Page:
Famous West Hampstead residents have included the singers Dusty Springfield, Joan Armat­rading, Olivia Newton John and Jimmy Somerville, author Doris Lessing, actresses Imelda Staunton and Emma Thompson, and the playwright Joe Orton, who lived on West End Lane with his lover Kenneth Halliwell from 1951 to 1959. Stephen Fry has also lived here.

Alice House:   What is now the Alice House has been through a number of incarnations since it was built in the early 1900s.
Beckford's Estate:   Beckfords, belonging to the family of the same name, consisted of 15 acres north of Mill Lane and west of Fortune Green Lane.
Billy Fury Way, NW6:   Billy Fury Way is a path which runs alongside the railway in NW6.
Broadhurst Gardens Meadow:   Broadhurst Gardens Community Meadow is a private area open only to the residents of the houses which surround it.
Brondesbury:   Brondesbury was originally "Brand’s manor", a small hamlet in Middlesex.
Cannon Stream:   The Cannon Stream was, before it was sent underground, a tributary of the Westbourne River.
Canterbury House:   In the last half of the nineteenth century, a white house called Canterbury was built on the then southern fringes of West End.
Cedars:   A local West Hampstead builder, Thomas Potter, constructed Cedars in 1878.
Compayne Open Space:   As West Hampstead was developed, a series of private gardens were built behind the urban facades.
Decca Studios:   Decca Studios was a recording facility in Broadhurst Gardens.
Earlsfields:   Between Thorplands on the east and Shoot Up Hill on the west lay several fields called Earlsfields.
Hampstead Cricket Club:   Hampstead Cricket Club moved to its Lymington Road site in 1877.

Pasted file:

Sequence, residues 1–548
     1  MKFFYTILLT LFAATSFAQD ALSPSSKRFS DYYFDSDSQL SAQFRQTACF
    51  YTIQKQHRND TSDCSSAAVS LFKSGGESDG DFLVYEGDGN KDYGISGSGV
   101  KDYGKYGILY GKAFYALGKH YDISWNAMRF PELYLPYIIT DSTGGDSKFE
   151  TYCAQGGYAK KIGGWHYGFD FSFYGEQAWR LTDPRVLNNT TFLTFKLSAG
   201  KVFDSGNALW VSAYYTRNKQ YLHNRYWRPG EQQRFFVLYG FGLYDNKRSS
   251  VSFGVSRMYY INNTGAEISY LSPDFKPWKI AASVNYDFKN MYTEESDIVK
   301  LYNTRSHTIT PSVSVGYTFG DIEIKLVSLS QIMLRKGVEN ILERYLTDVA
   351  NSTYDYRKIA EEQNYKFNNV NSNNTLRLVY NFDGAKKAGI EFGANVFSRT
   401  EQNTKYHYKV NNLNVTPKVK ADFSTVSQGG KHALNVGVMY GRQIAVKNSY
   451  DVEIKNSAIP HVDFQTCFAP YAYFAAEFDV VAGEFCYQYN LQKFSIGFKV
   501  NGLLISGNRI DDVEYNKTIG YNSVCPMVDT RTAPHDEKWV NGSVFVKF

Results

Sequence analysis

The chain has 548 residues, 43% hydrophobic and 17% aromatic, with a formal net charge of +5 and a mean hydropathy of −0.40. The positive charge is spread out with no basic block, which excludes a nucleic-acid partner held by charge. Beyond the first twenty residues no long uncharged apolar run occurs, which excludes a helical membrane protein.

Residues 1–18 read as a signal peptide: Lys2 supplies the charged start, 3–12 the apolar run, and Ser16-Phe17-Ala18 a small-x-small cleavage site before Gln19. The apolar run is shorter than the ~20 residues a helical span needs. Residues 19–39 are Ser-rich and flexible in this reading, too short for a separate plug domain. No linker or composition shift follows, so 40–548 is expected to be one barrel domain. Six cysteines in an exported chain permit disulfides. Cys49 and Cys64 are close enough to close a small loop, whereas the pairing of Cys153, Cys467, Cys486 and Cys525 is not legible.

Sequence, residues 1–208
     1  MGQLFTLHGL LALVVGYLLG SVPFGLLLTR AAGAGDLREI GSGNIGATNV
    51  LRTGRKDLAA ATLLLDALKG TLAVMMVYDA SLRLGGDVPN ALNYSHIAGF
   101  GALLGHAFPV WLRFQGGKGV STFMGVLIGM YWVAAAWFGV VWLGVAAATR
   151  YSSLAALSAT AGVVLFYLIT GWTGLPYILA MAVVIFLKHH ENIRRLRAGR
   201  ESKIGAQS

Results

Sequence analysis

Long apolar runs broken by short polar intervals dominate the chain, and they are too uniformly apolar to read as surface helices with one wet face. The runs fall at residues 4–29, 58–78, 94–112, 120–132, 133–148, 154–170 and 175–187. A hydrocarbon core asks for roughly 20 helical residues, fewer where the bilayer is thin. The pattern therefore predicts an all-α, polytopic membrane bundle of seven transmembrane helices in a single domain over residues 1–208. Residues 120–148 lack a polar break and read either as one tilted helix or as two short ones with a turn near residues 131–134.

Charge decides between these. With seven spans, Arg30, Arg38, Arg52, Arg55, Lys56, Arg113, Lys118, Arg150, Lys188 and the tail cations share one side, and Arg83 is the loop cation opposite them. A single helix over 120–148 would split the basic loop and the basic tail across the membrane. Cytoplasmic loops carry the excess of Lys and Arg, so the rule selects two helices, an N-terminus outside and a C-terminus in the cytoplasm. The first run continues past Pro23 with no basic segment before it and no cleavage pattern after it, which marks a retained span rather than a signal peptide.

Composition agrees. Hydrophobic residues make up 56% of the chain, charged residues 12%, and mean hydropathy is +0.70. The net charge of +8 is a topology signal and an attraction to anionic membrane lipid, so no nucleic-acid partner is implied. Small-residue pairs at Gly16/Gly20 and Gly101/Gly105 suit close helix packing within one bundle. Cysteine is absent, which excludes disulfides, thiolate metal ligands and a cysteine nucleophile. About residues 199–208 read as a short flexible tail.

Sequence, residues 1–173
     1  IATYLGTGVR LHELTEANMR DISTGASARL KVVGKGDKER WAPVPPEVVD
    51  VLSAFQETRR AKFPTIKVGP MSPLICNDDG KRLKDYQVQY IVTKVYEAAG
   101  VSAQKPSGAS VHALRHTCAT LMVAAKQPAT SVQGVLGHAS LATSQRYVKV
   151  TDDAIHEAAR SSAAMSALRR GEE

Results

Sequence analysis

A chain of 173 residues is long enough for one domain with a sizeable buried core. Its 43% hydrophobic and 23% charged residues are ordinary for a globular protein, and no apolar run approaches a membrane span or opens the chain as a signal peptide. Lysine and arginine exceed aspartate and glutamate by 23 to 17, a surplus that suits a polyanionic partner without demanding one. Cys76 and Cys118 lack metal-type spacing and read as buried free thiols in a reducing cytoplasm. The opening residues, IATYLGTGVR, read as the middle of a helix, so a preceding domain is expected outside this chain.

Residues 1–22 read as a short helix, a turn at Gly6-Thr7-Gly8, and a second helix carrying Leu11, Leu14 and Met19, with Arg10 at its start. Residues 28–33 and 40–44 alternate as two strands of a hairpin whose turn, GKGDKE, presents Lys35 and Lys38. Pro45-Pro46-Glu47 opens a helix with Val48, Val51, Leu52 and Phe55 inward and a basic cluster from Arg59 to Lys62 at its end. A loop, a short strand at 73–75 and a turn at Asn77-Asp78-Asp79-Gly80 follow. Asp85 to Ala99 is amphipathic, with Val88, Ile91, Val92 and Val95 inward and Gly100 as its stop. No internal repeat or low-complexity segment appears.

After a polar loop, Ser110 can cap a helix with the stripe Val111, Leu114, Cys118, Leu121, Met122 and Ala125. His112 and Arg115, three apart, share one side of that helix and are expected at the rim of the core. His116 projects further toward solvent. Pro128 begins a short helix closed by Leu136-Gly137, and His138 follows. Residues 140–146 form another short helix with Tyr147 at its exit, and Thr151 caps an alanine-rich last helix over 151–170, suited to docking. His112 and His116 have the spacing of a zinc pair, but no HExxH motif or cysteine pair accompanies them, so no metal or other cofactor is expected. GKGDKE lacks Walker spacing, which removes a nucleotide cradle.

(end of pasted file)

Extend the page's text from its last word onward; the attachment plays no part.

Hillfield:   By 1644 Hillfield was already mentioned in parish records.
Jacksfield:   Jacksfield was one of the smaller but well-documented copyhold estates in the West Hampstead area.
Kilburn:   Kilburn is an area which straddles both sides of the Edgware Road (Kilburn High Road).
Kilburn Grange Park:   Kilburn Grange Park is a 3.2 hectare open space adjacent to Kilburn High Road.
Kingsgate Community Centre:   Kingsgate Community Association was set up in 1982 by a group of local people who wished to establish a community centre in what was then a derelict building.
Lauriston Lodge:   Lauriston Lodge, now the site of Dene Mansions, was a large house in West Hampstead.
Maygrove Peace Park:   On 27 April 1983, Camden Council opened Maygrove Peace Park and dedicated it as a reminder of the Council's commitment to peace.
Oaklands Hall:   On the west side of West End Lane, Charles Spain bought 5 acres and between 1829 and 1838 built York Villa.
Poplar House:   Poplar House was occupied by one of the first developers of West Hampstead, Thomas Potter.
Potter's Iron Foundry:   In the nineteenth century, many West Hampstead people had jobs in Potter’s Iron Foundry.
Ripley House:   Jeremy Jepson Ripley built a house and coach house after 1814, with a large garden north of Lauriston Lodge.
Sandwell House:   Sandwell House was owned by three generations of the Wachter family.
The Black Lion:   The Old Black Lion was established in 1751 as a beer house.
The Railway:   The Railway pub is a standard Victorian pub with a musical secret.
The Wet Fish Cafe:   The Wet Fish Café is an Art Deco classic at 242 West End Lane.
Thorplands:   Thorplands was an estate south of Mill Lane.
Treherne House:   Treherne House was built in the mid eighteenth century,
West Cottages, NW6:   Cottages in London NW6.
West End Green:   West End Green is situated on a corner of West End Lane, formerly the location of West End Fair.
West End Hall:   West End Hall (once called New West End Hall) was one of the mansions of West End (West Hampstead).
West End House:   West End House, once in open countryside, became surrounded by railways.
West End Park:   West End Park was created from fields known as the 'Little Estate'.
West End Sidings Estate:   The West End Sidings Estate takes its name from the former West End railway sidings running along the Midland Railway.
West Hampstead:   The name "West Hampstead" was a 19th century invention - the original name was West End.
West Hampstead (Overground) station:   Wesr Hampstead overground station was known as West End Lane until its name was changed in 1975.
West Hampstead Police Station:   The Metropolitam Police established itself in West Hampstead during the 1880s.